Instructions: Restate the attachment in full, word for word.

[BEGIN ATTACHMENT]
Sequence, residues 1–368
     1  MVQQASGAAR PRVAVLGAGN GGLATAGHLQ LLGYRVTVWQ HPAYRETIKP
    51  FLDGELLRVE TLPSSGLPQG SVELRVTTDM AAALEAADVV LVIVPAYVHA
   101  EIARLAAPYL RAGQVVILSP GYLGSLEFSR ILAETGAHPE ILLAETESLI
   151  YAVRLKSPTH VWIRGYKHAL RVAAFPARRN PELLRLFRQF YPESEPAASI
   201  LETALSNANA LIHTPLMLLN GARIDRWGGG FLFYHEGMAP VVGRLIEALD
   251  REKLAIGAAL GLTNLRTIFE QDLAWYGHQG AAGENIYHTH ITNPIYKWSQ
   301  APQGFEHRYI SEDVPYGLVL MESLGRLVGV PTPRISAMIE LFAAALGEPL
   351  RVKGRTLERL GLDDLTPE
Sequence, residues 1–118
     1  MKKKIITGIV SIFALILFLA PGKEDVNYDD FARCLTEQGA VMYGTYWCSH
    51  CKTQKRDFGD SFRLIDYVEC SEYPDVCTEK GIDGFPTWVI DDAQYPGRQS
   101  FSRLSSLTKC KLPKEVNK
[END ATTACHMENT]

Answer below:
Sequence, residues 1–368
     1  MVQQASGAAR PRVAVLGAGN GGLATAGHLQ LLGYRVTVWQ HPAYRETIKP
    51  FLDGELLRVE TLPSSGLPQG SVELRVTTDM AAALEAADVV LVIVPAYVHA
   101  EIARLAAPYL RAGQVVILSP GYLGSLEFSR ILAETGAHPE ILLAETESLI
   151  YAVRLKSPTH VWIRGYKHAL RVAAFPARRN PELLRLFRQF YPESEPAASI
   201  LETALSNANA LIHTPLMLLN GARIDRWGGG FLFYHEGMAP VVGRLIEALD
   251  REKLAIGAAL GLTNLRTIFE QDLAWYGHQG AAGENIYHTH ITNPIYKWSQ
   301  APQGFEHRYI SEDVPYGLVL MESLGRLVGV PTPRISAMIE LFAAALGEPL
   351  RVKGRTLERL GLDDLTPE
Sequence, residues 1–118
     1  MKKKIITGIV SIFALILFLA PGKEDVNYDD FARCLTEQGA VMYGTYWCSH
    51  CKTQKRDFGD SFRLIDYVEC SEYPDVCTEK GIDGFPTWVI DDAQYPGRQS
   101  FSRLSSLTKC KLPKEVNK